Sunday, 3 November 2013

St. Martin de Porres

Today is the feast day of St. Martin de Porres, one of the greatest saints in the pantheon of Catholic saints. He is the patron saint of barbers and social justice. Here is a short biography of his life.

Martin was born December 9, 1579, in Lima, Peru, as the illegitimate son of a Spanish nobleman and a young, black former slave born in Panama. He grew up in poverty and, at age 12, his mother apprenticed him to a barber-surgeon. He learned how to cut hair and also how to draw blood (a standard medical treatment then), care for wounds, and prepare and administer medicines.

At age 15, Martin applied to the Dominicans to be a “lay helper,” not feeling himself worthy to be a religious brother. After nine years, the example of his prayer, penance, charity and humility led the community to request him to make full religious profession. Many of his nights were spent in prayer and penitential practices; his days were filled with nursing the sick and caring for the poor. It was particularly impressive that he treated all people regardless of their color, race or status.

He was instrumental in founding an orphanage, taking care of slaves brought from Africa, and managing the daily alms of the priory with practicality as well as generosity. He became the procurator for both priory and city, whether it was a matter of “blankets, shirts, candles, candy, miracles or prayers!” When his priory was in debt, he said, “I am only a poor mulatto. Sell me. I am the property of the order. Sell me.”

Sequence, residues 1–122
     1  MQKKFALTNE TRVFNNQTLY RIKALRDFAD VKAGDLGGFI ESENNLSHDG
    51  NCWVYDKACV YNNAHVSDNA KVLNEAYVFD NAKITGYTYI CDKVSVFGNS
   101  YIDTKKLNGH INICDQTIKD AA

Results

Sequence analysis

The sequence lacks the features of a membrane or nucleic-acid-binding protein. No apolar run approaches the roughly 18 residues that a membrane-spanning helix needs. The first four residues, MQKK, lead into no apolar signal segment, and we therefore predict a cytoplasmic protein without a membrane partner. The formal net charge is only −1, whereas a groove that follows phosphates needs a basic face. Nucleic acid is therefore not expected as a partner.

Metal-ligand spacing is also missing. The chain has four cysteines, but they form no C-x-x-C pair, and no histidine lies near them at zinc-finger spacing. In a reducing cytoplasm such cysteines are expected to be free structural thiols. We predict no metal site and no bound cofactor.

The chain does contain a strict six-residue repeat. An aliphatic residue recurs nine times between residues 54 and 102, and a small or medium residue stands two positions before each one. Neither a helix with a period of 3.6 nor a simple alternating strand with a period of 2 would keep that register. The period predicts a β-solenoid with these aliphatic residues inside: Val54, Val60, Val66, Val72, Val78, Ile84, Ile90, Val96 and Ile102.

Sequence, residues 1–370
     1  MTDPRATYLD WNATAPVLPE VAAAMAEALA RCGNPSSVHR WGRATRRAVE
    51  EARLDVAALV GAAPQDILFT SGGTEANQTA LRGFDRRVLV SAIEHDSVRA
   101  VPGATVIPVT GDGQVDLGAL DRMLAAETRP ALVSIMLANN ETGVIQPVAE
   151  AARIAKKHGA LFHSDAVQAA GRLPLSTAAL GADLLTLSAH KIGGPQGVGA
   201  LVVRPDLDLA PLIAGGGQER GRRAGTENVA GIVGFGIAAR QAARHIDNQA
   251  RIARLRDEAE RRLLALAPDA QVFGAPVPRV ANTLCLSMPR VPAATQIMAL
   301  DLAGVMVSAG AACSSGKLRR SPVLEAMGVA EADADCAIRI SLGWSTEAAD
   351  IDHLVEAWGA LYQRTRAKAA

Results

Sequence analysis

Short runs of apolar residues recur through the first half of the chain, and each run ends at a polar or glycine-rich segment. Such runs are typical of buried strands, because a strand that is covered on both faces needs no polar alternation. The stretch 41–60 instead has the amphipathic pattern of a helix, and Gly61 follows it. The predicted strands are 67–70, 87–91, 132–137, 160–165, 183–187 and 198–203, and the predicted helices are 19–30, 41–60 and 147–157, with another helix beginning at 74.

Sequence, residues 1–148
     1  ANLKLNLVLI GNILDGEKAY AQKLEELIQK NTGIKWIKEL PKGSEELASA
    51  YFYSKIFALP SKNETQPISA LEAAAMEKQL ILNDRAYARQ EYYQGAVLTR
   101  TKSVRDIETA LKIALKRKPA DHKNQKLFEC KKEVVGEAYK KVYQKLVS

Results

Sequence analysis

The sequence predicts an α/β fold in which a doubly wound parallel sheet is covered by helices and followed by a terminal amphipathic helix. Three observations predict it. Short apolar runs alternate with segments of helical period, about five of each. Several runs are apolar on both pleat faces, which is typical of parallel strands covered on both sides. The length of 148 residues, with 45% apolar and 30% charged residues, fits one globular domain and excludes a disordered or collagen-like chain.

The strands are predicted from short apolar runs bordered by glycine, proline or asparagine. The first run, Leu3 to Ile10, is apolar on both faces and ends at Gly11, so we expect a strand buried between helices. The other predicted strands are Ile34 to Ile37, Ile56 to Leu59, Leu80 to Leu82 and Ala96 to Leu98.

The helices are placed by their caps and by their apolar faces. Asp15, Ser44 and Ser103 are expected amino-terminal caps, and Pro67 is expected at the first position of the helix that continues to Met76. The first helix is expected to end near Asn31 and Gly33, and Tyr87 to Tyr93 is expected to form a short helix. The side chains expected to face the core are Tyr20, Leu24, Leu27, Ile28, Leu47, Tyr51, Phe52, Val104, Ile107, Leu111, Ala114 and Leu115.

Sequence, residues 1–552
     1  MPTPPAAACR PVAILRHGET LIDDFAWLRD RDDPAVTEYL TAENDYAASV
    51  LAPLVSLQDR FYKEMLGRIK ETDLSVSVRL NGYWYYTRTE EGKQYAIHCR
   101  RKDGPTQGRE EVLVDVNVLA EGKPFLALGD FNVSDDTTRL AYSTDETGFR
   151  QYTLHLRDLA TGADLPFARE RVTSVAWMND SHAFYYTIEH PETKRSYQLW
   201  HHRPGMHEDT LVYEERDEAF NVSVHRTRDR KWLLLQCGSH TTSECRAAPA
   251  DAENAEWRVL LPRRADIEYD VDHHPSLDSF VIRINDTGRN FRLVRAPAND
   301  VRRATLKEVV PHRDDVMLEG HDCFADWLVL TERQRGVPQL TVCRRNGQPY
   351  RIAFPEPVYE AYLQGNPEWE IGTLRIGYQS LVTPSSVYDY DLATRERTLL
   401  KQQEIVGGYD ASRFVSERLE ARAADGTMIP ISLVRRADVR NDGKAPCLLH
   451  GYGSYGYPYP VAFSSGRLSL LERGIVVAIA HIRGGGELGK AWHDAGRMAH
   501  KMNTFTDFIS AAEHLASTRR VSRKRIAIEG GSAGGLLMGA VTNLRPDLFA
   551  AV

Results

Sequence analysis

Among the many miracles attributed to him were those of levitation, bilocation, miraculous knowledge, instantaneous cures and an ability to communicate with animals. St. Martin is often depicted as a young mulatto priest with a broom, since he considered all work to be sacred no matter matter how menial. He is also often shown with the dog, the cat and the mouse, eating in peace from the same dish.

He died in Lima, Peru, on November 3, 1639. On his canonization in 6 May in 1962, Pope John XXIII remarked of him:
"He forgave the bitterest injuries, convinced that he deserved much severer punishments on account of his own sins. He tried with all his might to redeem the guilty; lovingly he comforted the sick; he provided food, clothing and medicine for the poor; he helped, as best he could, farm labourers and Negroes, as well as mulattoes, who were looked upon at that time as akin to slaves: thus he deserved to be called by the name the people gave him: 'Martin of Charity.'"